An Uni Dinner
Uni and Ebi Jelly
When I visited Tokyo earlier this year for work, a trip to the famed Tsukiji fish market was high on my list of things-to-do. Watching the bluefin auction in the wholesale area of Tsukiji was a surreal experience - both because of the palpable air of excitement, and because the scene enacted was one I recognised from watching way too many episodes of Japan Hour. Even more exciting, however, was the wet market area. The veritable rabbit warren of stalls purveying all manner of creatures from the deep was truly staggering - I thought I knew my seafood, but apparently not. No form of edible marine organism, it seems, has escaped the Japanese kitchen. Beautiful or bestial, massive or miniscule - a few were familiar, many were not, and some were downright strange.
My flight being later the same day, I was determined to bring back booty. Amongst those things was a large wooden tray of uni, or sea urchin - vividly golden of hue , each plush little tongue plump and succulent, it was of an unmistakable quality and freshness I had hitherto not encountered. The next few days back home were spent in a dreamy state feasting on uni sashimi, and carefully rationing the rest in various sea urchin recipes I had always wanted to try.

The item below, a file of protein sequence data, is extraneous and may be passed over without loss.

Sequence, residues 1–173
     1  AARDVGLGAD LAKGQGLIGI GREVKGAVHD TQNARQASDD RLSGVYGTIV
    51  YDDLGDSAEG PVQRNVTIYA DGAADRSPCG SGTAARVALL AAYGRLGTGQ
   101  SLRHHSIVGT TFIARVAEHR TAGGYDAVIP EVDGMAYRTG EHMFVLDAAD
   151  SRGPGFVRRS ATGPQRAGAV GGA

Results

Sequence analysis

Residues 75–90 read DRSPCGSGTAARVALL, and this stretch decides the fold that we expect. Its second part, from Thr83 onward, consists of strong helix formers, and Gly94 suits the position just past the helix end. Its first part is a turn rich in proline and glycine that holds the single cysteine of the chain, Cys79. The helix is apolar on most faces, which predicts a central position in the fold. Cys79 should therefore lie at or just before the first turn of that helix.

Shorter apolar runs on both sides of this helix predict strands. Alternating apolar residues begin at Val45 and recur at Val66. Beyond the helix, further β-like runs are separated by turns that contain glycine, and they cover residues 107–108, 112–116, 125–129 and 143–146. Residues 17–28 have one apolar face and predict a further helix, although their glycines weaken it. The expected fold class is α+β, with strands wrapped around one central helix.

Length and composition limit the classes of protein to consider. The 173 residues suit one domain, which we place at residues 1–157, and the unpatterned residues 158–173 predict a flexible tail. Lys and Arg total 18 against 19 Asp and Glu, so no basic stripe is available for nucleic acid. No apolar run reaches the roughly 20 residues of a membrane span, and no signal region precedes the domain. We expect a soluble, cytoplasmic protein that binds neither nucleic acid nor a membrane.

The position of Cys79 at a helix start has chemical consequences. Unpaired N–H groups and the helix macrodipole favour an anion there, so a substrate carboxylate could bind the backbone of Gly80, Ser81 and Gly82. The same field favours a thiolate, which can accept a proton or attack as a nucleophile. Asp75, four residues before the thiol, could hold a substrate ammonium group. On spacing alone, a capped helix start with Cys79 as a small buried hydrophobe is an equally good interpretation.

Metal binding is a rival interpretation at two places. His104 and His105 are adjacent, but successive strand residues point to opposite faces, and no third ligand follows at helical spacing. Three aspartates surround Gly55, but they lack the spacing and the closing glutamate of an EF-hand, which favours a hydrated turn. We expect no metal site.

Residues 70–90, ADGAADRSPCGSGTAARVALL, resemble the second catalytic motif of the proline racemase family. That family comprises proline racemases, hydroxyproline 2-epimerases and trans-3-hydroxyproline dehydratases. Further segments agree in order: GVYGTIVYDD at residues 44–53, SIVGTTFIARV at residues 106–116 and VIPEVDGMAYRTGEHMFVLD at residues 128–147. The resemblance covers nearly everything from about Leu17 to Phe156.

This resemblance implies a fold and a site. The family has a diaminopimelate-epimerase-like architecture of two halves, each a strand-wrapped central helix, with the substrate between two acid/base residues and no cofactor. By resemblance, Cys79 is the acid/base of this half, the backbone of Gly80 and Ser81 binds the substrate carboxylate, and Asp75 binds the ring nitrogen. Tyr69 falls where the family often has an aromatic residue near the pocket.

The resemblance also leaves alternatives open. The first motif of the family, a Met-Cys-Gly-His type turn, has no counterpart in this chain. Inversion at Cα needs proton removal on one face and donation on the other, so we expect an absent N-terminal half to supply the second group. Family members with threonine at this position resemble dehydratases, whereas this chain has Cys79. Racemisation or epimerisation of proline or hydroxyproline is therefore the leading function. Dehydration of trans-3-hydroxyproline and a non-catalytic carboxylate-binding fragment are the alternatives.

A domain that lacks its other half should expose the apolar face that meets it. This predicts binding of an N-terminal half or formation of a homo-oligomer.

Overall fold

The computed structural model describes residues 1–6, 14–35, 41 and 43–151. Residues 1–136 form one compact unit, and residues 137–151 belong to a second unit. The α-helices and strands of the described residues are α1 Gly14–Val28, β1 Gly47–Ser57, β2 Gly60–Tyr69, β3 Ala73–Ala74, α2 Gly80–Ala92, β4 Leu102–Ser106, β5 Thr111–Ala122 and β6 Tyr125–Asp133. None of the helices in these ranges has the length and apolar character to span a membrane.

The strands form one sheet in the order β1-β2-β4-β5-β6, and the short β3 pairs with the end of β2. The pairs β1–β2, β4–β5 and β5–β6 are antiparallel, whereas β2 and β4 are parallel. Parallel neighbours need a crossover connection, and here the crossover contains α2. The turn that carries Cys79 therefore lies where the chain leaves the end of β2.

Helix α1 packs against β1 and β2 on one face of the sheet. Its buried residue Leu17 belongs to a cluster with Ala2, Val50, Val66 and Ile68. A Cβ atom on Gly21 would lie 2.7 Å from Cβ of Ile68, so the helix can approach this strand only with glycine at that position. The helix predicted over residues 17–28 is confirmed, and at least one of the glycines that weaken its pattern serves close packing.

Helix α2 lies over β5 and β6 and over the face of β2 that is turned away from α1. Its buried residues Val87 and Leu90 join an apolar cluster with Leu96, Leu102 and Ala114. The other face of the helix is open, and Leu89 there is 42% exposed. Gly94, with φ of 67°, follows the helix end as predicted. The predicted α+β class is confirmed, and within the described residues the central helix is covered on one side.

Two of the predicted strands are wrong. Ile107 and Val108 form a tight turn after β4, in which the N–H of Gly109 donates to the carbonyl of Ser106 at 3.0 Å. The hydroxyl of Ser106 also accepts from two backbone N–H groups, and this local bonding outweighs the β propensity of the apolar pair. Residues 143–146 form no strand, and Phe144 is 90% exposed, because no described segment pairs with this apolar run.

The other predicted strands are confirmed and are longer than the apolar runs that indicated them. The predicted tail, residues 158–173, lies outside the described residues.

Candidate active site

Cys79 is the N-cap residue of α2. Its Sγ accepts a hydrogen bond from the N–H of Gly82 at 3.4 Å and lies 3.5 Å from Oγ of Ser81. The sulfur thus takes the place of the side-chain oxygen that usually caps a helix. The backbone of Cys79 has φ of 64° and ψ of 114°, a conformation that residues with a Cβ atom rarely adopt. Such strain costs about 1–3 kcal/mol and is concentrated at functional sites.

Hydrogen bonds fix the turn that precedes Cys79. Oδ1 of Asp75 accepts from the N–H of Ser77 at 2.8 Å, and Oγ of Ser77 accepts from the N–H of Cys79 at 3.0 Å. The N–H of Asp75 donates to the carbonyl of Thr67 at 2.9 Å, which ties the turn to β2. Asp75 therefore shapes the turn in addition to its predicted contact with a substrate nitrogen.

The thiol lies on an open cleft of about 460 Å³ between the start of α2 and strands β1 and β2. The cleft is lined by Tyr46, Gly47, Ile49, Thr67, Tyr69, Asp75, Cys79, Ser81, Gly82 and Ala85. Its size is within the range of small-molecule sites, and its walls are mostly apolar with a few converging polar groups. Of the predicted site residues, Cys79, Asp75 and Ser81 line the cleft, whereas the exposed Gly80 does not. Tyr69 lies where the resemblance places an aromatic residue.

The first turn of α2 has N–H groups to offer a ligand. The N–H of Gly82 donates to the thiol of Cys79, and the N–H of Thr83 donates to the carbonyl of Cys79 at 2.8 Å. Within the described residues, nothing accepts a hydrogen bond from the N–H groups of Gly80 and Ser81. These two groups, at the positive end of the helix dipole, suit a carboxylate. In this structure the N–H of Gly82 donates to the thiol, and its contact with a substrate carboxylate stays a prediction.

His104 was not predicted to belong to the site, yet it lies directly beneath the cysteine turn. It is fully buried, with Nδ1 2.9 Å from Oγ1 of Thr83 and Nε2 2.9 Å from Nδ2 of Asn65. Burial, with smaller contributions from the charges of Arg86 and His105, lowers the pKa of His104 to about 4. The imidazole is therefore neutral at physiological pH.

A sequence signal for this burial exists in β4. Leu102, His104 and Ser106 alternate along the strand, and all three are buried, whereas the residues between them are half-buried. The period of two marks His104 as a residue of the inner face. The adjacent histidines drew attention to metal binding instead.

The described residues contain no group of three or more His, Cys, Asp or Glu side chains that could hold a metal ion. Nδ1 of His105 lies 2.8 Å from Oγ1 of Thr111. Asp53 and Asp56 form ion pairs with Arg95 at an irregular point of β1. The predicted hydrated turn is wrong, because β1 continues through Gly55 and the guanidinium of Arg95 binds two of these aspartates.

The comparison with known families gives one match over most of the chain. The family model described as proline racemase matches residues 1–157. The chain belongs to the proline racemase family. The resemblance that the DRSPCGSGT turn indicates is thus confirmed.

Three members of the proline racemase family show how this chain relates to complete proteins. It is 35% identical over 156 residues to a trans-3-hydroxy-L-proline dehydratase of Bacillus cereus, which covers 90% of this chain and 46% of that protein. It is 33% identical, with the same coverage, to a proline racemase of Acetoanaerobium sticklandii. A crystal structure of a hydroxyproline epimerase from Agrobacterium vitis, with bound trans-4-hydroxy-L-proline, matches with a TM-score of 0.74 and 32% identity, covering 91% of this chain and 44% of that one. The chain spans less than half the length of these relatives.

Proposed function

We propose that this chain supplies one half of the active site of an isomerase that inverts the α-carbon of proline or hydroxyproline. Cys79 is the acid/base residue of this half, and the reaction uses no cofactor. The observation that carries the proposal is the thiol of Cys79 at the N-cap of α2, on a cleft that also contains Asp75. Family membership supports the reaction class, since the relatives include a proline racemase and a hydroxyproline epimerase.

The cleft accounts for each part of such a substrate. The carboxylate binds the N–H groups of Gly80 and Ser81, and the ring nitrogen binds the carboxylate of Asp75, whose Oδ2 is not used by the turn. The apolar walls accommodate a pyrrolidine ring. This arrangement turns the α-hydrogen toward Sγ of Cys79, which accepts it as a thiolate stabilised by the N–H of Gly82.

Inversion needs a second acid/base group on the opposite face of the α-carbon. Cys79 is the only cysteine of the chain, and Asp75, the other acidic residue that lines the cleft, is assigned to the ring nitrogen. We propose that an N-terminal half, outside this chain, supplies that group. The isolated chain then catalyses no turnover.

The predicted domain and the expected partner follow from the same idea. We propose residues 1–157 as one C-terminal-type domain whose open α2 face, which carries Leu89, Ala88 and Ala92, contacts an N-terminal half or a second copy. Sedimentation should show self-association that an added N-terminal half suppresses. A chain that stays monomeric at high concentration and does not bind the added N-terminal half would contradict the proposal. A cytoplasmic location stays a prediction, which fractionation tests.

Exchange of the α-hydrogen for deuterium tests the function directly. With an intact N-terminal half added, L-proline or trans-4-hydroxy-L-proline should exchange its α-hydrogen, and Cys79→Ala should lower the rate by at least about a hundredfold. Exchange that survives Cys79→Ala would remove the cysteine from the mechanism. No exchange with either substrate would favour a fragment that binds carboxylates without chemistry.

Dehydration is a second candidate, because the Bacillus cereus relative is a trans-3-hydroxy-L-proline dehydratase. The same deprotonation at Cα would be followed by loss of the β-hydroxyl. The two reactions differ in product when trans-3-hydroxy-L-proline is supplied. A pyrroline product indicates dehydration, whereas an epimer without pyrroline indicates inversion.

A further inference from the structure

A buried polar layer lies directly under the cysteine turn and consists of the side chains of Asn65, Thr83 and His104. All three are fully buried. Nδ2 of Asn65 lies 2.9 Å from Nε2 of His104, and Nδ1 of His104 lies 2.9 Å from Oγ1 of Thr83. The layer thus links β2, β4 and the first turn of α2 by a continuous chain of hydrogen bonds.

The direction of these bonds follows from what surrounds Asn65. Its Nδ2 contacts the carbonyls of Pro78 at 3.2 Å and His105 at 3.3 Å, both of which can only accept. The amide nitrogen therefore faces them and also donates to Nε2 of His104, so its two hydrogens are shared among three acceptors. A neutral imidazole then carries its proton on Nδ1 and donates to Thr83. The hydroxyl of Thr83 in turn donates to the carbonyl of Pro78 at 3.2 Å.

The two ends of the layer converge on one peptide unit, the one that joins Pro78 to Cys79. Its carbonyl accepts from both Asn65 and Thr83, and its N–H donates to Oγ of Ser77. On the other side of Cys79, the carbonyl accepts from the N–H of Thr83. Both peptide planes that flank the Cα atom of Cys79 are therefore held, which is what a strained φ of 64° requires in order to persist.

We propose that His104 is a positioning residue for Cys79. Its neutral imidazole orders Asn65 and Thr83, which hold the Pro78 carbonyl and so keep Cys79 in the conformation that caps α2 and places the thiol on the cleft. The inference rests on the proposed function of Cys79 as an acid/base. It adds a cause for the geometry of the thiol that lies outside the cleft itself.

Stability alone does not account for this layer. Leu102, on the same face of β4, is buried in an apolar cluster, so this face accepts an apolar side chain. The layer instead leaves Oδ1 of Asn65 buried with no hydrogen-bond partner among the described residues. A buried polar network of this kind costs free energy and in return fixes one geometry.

For dinner tonight, I cooked a four-course uni-themed meal based on the recipes we liked most from previously.
Uni and Ebi Jelly (pictured above)
I found this charming recipe from Shizuo Tsuji's Practical Japanese Cooking, the companion volume to his classic Japanese Cooking: A Simple Art. You can choose any combination of compatible ingredients to be suspended in the limpid, dashi-flavoured aspic - I used ebi (shrimp), uni, and soramame (broad bean).